They grow over 30 varieties of apples. The harvest starts in August and finishes in late October. “Our apple harvest helps extend our growing season,” Jim says.

The Seaquists deliver their products around the country. “We have industrial customers who take a truckload of fruit,” Jim explains. “Robin handles a lot of those sales and deliveries of fruit. Lisa and Cole sell and deliver the smaller loads.”

Justin works with Jim and Robin in the processing plant.

“He is taking that over more,” Jim says. “Justin is very involved with food safety. He has a mind for complying with all the details that drive me crazy.” Justin’s wife, Kirstin, is manager at Ashbrooke Suites.

Jim says in the past 20 years, they consider three years as being a crop failure.

“We store a lot of our crop, so we didn’t suffer too bad financially,” he says. “We never want to be in a situation where we have two bad years in a row take us out.”

Jim’s dad remarried in 1985. His wife, Kristin, has been in charge of the farm market for the past 35 years or more.

“My dad likes to help Kristin in the farm market,” Jim says. “He also stays busy cutting grass three to five days a week. He’s the tour guide and he’s very proud of the whole thing.”

“He’s been Jim’s biggest cheerleader over the years,” Robin adds.

Jim serves on the Wisconsin Cherry Board and Cherry Industry Administrative Board. He was board chairman of a National Cherry Cooperative from 2000 to 2021.

Master Agriculturists at a glance

Jim and Robin Seaquist
Ages: 60 and 58
Location: Ellison Bay, Door County
Farming enterprises: Tart cherries, apples, processing plant, canning company, farm market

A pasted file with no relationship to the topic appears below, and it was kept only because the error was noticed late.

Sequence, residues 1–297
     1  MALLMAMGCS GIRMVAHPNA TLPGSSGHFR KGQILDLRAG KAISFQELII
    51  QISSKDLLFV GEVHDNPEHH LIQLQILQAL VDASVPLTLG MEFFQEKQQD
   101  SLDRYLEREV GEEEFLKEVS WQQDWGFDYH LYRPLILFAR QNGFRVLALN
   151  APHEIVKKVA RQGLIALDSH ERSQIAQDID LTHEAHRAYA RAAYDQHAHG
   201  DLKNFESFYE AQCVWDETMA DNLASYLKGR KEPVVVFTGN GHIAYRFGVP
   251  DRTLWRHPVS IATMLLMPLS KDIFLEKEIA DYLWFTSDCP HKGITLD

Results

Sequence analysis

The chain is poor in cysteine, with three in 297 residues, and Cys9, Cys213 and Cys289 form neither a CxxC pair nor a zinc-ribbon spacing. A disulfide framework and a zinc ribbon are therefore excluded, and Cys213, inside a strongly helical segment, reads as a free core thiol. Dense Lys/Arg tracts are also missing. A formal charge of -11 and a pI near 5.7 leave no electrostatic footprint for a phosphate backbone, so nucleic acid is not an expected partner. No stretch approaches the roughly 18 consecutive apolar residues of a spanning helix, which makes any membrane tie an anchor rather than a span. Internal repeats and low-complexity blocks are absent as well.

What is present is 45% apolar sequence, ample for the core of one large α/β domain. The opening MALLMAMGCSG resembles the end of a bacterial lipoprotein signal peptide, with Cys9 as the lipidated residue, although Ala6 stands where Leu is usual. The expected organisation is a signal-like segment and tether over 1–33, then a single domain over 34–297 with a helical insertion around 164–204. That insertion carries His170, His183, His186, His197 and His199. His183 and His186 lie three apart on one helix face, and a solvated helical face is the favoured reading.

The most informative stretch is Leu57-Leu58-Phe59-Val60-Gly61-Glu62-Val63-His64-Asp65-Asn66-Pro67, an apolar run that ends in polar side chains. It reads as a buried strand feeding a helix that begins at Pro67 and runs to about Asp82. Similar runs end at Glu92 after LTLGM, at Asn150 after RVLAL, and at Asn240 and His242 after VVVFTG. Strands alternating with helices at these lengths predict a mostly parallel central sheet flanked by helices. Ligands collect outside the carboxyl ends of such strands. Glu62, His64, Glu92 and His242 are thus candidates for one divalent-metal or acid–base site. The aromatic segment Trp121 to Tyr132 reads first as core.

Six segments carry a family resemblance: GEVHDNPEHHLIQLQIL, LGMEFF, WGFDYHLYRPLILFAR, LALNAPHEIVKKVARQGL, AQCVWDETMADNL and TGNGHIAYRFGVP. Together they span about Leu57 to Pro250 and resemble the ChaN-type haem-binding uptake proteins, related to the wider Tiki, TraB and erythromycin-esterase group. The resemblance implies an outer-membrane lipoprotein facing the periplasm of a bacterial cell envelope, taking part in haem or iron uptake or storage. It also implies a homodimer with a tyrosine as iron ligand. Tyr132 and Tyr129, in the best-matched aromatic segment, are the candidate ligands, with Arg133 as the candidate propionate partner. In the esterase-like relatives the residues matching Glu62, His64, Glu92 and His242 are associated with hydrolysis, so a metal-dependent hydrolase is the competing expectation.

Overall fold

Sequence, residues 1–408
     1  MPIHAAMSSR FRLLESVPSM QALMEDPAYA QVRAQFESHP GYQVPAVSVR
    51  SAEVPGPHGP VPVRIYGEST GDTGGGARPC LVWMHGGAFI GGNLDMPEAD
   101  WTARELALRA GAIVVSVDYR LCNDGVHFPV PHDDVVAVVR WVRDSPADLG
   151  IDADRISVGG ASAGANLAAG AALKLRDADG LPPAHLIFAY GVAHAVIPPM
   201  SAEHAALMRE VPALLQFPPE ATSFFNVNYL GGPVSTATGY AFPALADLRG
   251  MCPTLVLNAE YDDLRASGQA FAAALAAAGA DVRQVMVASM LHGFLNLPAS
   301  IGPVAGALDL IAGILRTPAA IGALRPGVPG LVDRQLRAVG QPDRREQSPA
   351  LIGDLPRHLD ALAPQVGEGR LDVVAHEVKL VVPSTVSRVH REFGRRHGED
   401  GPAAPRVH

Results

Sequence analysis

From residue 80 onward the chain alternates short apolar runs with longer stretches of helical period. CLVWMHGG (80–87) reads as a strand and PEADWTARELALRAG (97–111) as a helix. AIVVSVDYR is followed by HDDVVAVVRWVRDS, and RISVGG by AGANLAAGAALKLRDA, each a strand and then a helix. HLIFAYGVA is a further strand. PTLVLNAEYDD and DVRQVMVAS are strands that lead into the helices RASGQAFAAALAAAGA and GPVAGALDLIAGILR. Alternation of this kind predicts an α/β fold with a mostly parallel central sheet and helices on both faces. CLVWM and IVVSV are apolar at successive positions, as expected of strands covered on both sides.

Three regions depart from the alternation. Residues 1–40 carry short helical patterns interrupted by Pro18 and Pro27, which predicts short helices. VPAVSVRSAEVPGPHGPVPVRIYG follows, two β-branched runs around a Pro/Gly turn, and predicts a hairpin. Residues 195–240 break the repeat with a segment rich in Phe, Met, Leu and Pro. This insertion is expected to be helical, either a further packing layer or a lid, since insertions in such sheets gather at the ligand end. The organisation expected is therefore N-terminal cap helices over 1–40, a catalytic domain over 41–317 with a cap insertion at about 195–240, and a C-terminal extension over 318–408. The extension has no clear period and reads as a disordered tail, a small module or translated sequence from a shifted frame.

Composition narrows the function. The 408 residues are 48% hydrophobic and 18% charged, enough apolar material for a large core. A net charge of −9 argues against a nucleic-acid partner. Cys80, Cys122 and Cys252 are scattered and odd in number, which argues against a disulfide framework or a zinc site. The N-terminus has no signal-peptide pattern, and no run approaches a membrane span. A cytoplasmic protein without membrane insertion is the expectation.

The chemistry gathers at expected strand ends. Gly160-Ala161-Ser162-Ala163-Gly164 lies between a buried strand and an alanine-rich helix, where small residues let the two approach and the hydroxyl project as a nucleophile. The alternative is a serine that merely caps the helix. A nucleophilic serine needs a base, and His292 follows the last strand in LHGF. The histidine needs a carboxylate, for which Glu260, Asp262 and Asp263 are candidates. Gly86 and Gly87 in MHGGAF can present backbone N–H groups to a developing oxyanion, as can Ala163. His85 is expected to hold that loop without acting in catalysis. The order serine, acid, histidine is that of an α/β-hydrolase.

Size of farm: 1,000 owned acres, 600 rented acres
Family: Sons Cole (Lisa) and Justin (Kirstin), six grandchildren

Read more about:

Master Agriculturists

About the Author(s)

Fran O'Leary

Wisconsin Agriculturist Editor

Even though Fran was born and raised on a farm in Illinois, she has spent most of her life in Wisconsin. She moved to the state when she was 18 years old and later graduated from the University of Wisconsin-Whitewater with a bachelor's degree in journalism.

Fran has 25 years of experience writing, editing and taking pictures. Before becoming editor of the Wisconsin Agriculturist in 2003, she worked at Johnson Hill Press in Fort Atkinson as a writer and editor of farm business publications and at the Janesville Gazette in Janesville as farm editor and feature writer. Later, she signed on as a public relations associate at Bader Rutter in Brookfield, and served as managing editor and farm editor at The Reporter, a daily newspaper in Fond du Lac.

Subscribe to receive top agriculture news
Be informed daily with these free e-newsletters

You May Also Like